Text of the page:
Ellis Haizlip broke the talk show and public television color barrier when he introduced “SOUL!,” the weekly program he hosted during the late ’60s and early ’70s, to PBS. Now, a half decade after the show debuted, his niece Melissa Haizlip (“Crossing Jordan”) revisits his legacy with the documentary “Mr. SOUL!” Deadline anticipated the world premiere at the Tribeca Film Festival by unveiling the trailer (above) on April 4.
“There exists, as far as I know, no TV program that deals with my culture so completely, so freely, so beautifully,” the senior Haizlip remarked in archival footage from the trailer. To drive that point home, the trailer incorporates clips of performances from now-renowned Black artists as varied as Maya Angelou, Donny Hathaway and Alvin Ailey. Haizlip also conducted interviews on the show with Stokely Carmichael, James Baldwin and other activists and thought leaders.
Interviewees like Kathleen Cleaver, Sonia Sanchez and Harry Belafonte spoke to the importance of this show, which centered Black culture at a time when the U.S. was waging full-scale war on Black activism. “This is serious business, our lives were at stake!” Cleaver emphasized in the trailer.
PBS/Thirteen noted that Ellis Haizlip fought both on and off camera. He intentionally staffed his production team with Black crew members and publicly criticized the government-created Corporation for Public Broadcasting for pulling funding. “Worse than racism, I see this as the beginning of a systematic plan to remove Black programs from public television,” he told Jet magazine after the show’s cancellation in 1973.
“Mr. SOUL!” debuts at the Tribeca Film Festival on April 22.
The winners of the 49th NAACP Image Awards were announced last night during the live broadcast from the Pasadena Civic Auditorium which aired on TV One. The two-hour live special was hosted by Anthony Anderson and opened with a powerful moment in support of #TIMESUP featuring Angela Robinson, Kerry Washington, Jurnee Smollett-Bell, Laverne Cox, Lena Waithe and Tracee Ellis Ross.
Ava DuVernay was honored as the NAACP Entertainer of the Year. NAACP Chairman Leon W. Russell presented the NAACP Chairman’s Award to William Lucy, NAACP President and CEO Derrick Johnson presented the NAACP President’s Award to Danny Glover and several members of the Memphis Sanitation “I Am A Man” Workers were also in attendance – they were presented with the NAACP Vanguard Award earlier in the week during a press conference at the National Civil Rights Museum in Memphis, TN.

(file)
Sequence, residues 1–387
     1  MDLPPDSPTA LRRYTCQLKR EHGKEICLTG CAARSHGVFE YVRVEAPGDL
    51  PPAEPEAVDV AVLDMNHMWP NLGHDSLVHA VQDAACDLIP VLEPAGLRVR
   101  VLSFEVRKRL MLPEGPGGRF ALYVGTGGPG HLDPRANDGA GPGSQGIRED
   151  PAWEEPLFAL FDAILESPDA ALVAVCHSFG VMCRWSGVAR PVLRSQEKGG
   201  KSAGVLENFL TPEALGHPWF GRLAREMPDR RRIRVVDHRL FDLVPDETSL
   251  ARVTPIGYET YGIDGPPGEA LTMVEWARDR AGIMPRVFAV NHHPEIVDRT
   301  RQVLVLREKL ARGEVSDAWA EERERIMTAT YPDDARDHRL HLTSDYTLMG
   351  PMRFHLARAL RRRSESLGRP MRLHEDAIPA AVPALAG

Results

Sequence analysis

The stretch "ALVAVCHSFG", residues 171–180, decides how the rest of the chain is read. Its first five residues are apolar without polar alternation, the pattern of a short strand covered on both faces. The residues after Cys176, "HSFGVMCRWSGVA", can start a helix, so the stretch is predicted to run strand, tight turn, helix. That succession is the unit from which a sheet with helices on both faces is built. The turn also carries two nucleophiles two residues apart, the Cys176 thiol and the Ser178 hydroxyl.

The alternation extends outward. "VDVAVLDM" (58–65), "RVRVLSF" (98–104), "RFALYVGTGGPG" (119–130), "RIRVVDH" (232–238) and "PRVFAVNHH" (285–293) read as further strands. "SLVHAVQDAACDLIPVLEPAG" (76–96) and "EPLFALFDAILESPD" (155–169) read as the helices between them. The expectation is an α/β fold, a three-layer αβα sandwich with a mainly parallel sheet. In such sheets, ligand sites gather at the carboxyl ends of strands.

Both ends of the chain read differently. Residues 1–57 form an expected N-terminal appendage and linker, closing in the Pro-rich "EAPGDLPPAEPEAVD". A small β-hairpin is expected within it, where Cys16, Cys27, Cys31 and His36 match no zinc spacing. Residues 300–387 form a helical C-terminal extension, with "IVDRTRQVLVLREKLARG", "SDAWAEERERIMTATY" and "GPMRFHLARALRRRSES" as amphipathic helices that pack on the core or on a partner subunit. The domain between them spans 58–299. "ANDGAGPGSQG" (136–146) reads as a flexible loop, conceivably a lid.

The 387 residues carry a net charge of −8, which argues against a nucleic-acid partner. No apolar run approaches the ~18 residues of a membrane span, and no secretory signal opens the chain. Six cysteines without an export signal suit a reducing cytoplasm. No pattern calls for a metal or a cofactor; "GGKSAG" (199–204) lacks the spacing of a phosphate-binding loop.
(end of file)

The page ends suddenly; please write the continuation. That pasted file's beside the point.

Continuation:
Gap Band leader Charlie Wilson was honored with the Music Makes a Difference honor which is bestowed upon an individual within the recording industry who has achieved worthwhile success and inspiration for civic engagement, criminal justice, education, economic opportunity, or criminal justice.
“Girls Trip” triumphed as the winner in the Outstanding Motion Picture category, and picked up a second award for its breakout star Tiffany Haddish in the Supporting Actress category.
Jordan Peele‘s horror opus “Get Out” received three awards, including Best Actor honors for lead Daniel Kaluuya, and Best Director and Best Writing wins for Peele. “Black-ish” took home the award for best television series, while host Anderson won Best Actor, Tracee Ellis Ross repeated as Best Actress and Marsai Martin won for Best Supporting Actress in a TV series.
In recording, Bruno Mars took home awards for Outstanding Male Artist, Outstanding Music Video/Visual Album and Outstanding Song – Traditional for “That’s What I Like.” Kendrick Lamar owned the Outstanding Album, Outstanding Song – Contemporary and Outstanding Duo, Group or Collaboration categories (the latter with Rihanna).
The winners of the 49th NAACP Image Awards in the non-televised categories were announced during a gala dinner celebration that took place Sunday, January 14, 2018, at the Pasadena Conference Center – the event was hosted by The Real’sAdrienne Houghton, Loni Love, Jeannie Mai and Tamera Mowry-Housley.
The NAACP Image Awards is the premiere multicultural awards show. It celebrates the accomplishments of people of color in the fields of television, music, literature and film, and also honors individuals or groups who promote social justice through creative endeavors.
The 22ndAmerican Black Film Festival (ABFF) will include an exciting lineup of film screenings, events and innovative programming, and will return to Miami from June 13-17, 2018. The week will include several new experiences, including Smartphone movie screenings, a master class on film financing, music-focused sessions and new networking opportunities for festival attendees. ABFF continues to be dedicated to introducing emerging content creators of African descent to the industry at large and is recognized as one of the leading film festivals in the world.
Actor Jay Ellis will serve as the 2018 ABFF Celebrity Ambassador. Annually, the festival showcases dynamic content by and about people of African descent from around the world and consists of five competitive categories: Narrative Features, Documentaries, Short Films, Web Series and Smartphone Originals. Submissions are now open and below is a list of film submission deadlines, Awards and direct submission links:
John Legend and Jesse Williams are working on a documentary that will look at the 1968 Black Power salute seen around the world. More than four decades before Colin Kaepernick took a knee in silent protest of police brutality and racial injustice, Olympians Tommie Smith and John Carlos made a statement with raised fists during the Summer Olympic games in Mexico City.